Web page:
Wrap the magic numbers of external entities

This is part of the Semicolon&Sons Code Diary - consisting of lessons learned on the job. You're in the workflows category.

Last Updated: 2022-12-01

I was working with the BMF API (German tax office) and they used confusing numerical codes like 0 or 1 for things like health_insurance_type and pension_insurance_type. I mirrored these in our code for dealing with this data, as such:

const includeNursingInsurance = userInput["nursing_insurance"] != "0"
// The meanings of these numerical values are clarified in the <option> tags in the HTML
// of the corresponding form 
const includeHealthInsurance = Number(userInput["health_insurance_type"]) == 0
const includePensionInsurance =
  Number(userInput["pension_insurance_type"]) != 2
const includeUnemploymentInsurance =
  Number(userInput["unemployment_insurance"]) == 1

const zeroedInsurance = { employer: 0, employee: 0 }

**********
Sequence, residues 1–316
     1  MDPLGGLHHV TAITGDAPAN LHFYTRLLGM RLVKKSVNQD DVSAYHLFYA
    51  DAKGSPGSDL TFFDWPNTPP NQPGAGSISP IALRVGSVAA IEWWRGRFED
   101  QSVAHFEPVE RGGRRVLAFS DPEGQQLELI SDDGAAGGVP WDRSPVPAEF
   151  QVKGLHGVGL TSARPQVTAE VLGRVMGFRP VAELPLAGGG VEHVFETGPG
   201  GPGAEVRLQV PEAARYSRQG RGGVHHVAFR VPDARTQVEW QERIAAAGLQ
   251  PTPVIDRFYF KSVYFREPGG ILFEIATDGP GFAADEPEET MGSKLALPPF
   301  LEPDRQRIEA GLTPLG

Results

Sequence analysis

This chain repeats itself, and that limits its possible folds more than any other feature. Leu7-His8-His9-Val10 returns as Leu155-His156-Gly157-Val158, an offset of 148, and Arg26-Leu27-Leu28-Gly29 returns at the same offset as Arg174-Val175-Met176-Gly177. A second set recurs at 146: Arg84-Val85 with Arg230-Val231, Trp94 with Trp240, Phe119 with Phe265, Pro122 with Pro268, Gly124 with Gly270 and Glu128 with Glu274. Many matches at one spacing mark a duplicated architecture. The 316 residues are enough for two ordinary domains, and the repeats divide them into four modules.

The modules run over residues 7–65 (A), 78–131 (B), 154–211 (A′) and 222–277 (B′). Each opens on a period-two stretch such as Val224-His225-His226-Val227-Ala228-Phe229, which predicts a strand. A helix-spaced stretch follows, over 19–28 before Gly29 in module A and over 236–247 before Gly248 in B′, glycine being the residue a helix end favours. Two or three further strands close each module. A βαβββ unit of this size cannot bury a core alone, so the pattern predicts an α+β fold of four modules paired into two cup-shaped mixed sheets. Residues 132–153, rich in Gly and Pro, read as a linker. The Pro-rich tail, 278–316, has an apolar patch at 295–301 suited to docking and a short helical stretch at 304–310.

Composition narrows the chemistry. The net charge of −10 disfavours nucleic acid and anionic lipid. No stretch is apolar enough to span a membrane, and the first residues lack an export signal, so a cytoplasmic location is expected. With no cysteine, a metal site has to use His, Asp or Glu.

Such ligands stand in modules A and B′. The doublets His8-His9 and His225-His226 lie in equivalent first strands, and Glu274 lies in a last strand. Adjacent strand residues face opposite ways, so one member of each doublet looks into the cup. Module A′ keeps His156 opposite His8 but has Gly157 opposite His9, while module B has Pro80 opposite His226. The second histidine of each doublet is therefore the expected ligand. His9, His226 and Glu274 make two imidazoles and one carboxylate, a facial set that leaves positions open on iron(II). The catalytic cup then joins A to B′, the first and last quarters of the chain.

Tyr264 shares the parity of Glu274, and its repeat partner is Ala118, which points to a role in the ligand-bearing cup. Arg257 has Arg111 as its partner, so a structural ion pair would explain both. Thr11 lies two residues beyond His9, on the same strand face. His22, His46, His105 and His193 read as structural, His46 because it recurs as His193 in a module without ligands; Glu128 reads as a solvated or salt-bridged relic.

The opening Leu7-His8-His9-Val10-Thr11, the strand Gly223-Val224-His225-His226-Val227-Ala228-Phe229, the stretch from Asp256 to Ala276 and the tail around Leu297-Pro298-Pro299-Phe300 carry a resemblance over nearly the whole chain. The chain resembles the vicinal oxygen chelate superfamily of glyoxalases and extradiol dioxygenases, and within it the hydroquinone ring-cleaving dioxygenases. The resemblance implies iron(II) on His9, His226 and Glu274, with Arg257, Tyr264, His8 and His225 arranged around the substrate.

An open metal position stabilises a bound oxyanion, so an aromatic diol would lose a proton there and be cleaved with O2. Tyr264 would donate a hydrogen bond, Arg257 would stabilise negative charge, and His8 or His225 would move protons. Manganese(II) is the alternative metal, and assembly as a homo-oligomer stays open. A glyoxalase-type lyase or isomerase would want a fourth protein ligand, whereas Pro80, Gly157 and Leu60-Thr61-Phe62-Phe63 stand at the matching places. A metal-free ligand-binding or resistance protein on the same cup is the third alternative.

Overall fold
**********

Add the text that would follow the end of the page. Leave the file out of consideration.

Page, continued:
Essentially the 3rd party API used are magic numbers, the classic anti-pattern.

I thought my using these was acceptable because I:

1.) inherited the magic numbers from the BMF API and was therefore 'consistent'; and 2.) had an index of their meanings at some location in my codebase (all the way over in the HTML code, another file)

But alas, this was terribly confusing when the code started getting used by other parts of the codebase as part of increasingly advanced calculations.


Wrap magic codes in descriptive strings as part of the "Gateway" pattern:

const bmfCodes = {
  nursingInsurance: {none: 0}
  pensionInsurance: {none: 0, east: 1, west: 2}
const includeNursingInsurance = userInput["nursing_insurance"] != bmfCodes[nursing_insurance][none]